An advantage of taking constructive approaches with embodied agents is that we can incorporate physical consequences derived from properties of the agents and their abiotic and biotic interactions. Some of them might manifest as physical constraints hindering adaptation, such as the overcrowding we observed, but a more positive aspect would be greater, often unpredictable, degrees of freedom (or evolvability) supplied to the dynamic systems. Previous studies of experimental evolution with swarm robots have revealed various aspects of such consequences, including coordinated behaviors (e.g. ref. 68) and self-organized division of labor69 (see also Introduction). The evolutionary convergence of traffic rules between ants and our robots, together with those earlier studies, clearly indicates that a collaboration between macro-biology and swarm robotics provides a promising avenue to elucidate the evolutionary and developmental processes leading to the complexity of social life, as well as a hopeful engineering application to solve our real-world problems.

## Methods

The basic algorithm for the pheromone-mediated group foraging behavior and the priority-giving behavior, as described in Results, were originally designed to control real robots29. The real robot system, named ARGOS-02 (‘Ant’elligent Robot Group Operating System, note that our system is different from another swarm robot system named ARGoS70), used an aqueous solution of ethanol as the trail pheromone. ARGOS-02 is a modified version of the original ARGOS-0128, using two sets (instead of the original one) of micro-pumps and tanks to secrete the pheromone at arbitrary concentrations. The agent-based simulation platform was developed in-house, written in C28,29,40 (see also Code availability). Dynamic properties of this simulated system have been well validated by comparing with real robot systems28,29,40. Briefly, this system is intended to emulate shape characteristics of our robots (rigid-body objects with 150 mm and a maximum speed of 100 mm/s) and the experimental field, evaporation dynamics of the pheromone (with coefficients of evaporation and diffusion) and its sensing, and the collision process described by simple contact of a robot with walls and other robots (for a full description, see ref. 29).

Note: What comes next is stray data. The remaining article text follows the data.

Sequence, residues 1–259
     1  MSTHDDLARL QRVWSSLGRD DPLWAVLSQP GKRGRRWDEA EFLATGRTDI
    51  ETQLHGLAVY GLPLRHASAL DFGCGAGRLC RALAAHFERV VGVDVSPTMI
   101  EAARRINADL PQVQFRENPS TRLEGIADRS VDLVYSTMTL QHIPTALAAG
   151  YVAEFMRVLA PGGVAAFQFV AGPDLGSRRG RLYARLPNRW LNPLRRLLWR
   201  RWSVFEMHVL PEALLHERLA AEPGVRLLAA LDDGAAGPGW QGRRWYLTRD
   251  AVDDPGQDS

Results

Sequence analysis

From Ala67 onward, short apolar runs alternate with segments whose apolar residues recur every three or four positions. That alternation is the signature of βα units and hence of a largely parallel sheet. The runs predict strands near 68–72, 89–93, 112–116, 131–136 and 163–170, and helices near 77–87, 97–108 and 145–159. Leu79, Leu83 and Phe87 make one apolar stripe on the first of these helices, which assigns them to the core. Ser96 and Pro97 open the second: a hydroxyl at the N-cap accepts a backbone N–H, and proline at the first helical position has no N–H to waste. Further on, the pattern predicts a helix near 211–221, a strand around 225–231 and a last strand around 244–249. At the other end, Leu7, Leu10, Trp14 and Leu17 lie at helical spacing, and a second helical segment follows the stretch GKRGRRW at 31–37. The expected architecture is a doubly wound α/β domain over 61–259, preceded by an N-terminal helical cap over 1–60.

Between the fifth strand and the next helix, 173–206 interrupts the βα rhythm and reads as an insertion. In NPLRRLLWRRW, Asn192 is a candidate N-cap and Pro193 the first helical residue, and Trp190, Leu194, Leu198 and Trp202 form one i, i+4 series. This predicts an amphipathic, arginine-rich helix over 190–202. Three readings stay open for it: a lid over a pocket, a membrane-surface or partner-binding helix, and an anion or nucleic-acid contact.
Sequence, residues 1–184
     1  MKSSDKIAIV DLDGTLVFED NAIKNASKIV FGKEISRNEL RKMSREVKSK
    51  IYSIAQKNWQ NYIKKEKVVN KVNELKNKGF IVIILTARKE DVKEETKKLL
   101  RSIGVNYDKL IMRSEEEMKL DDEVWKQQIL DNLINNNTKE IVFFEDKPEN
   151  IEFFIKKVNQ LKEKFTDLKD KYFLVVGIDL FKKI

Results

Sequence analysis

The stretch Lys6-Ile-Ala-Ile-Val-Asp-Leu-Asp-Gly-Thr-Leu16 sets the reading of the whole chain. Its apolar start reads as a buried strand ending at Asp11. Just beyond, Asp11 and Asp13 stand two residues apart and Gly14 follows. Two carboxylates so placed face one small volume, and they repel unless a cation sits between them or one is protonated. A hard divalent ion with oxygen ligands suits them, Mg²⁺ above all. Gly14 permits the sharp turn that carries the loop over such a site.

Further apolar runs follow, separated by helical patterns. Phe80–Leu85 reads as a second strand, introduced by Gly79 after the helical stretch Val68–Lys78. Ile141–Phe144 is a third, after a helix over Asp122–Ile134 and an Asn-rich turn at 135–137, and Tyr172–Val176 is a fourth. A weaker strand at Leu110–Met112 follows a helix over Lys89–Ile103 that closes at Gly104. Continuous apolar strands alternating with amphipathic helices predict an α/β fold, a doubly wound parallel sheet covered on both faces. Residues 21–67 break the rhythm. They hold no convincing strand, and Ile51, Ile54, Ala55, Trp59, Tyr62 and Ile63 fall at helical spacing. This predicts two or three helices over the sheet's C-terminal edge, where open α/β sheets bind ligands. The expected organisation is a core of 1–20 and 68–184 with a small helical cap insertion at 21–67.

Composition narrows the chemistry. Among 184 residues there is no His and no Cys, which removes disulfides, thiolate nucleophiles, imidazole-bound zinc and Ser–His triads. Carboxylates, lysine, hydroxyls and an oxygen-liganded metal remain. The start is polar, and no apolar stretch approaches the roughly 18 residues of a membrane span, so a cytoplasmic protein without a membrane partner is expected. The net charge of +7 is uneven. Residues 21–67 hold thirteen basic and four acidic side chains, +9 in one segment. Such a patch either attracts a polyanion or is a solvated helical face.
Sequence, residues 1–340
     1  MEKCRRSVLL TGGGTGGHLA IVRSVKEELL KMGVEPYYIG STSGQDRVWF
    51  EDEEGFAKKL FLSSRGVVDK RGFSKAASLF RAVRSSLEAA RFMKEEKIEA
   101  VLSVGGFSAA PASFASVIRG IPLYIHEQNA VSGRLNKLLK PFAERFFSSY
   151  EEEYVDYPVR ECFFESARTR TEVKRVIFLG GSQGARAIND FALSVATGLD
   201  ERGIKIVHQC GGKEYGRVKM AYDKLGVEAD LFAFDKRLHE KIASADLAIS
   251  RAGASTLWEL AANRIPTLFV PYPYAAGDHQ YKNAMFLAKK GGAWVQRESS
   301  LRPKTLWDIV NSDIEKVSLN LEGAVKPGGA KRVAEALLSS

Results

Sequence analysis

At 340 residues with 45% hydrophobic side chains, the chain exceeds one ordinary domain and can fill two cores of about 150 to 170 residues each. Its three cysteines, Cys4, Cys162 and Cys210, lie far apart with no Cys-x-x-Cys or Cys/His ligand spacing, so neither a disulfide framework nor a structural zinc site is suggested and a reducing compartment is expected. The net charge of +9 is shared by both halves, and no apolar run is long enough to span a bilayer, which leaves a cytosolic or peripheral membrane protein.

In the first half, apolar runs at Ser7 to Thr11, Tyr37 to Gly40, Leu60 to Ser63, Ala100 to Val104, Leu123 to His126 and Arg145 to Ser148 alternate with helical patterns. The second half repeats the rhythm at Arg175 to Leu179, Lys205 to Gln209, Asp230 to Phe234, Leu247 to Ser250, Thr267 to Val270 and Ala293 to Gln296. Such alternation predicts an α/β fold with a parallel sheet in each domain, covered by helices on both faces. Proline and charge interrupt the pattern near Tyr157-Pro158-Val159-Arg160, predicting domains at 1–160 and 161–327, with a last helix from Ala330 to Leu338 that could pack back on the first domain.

### Experimental setup

A simulated swarm consisted of n = 30 robots, which were provided with a rectangular field of 900 mm × 9000 mm surrounded by walls, together with a food source (ø 300 mm) and a nest (ø 1000 mm) on opposite ends (Fig. 1a). The food emitted light, which a robot could detect within a radius of 600 mm from its center. The nest location was made available to all robots by provision of an infrared light directly above it. The initial positions of the robots were set randomly on the field, and each swarm was allowed to forage for 12,000 time steps (20 min for the real robots).

### Evolutionary simulations

The evolving population consisted of N = 200 non-interacting swarms (i.e., no resource competition among swarms). We assumed a Wright–Fisher population with a constant size. The genetic coding of the traits is described in the main text. As a prior state to the pheromone-related trait p, we implicitly assumed that the inbound robots had already secreted some chemical substance on the ground, and that pheromone communication was achieved upon acquisition of the detection ability as a cue (see Discussion). A swarm was selected as a (clonal) parent for the next generation’s swarm in proportion to its fitness, so that a swarm with the better foraging performance had the greater chance of producing offspring clonally (i.e., being selected as a parent swarm in the simulations). In the next generation, bi and p of all genomes in an offspring swarm mutated to the other value (0 → 1 or 1 → 0) with a probability µ = 0.001. The low value of mutation rate, compared to conventional evolutionary simulation studies used in computer sciences, was intended to approximate to real biological systems (i.e., it should take relatively long generations for a polygenic system to reach the optimal state). On the basis of the preliminary observations that the genotype {1,0,1;1} is uninvadable by the other genotypes, each simulation run continued until the population became fixed at that genotype. Genotypes of the parent swarms of the genotype {1,0,1;1} that became fixed were determined by direct assessment of the genealogies.

### Analytical solutions of time to fixation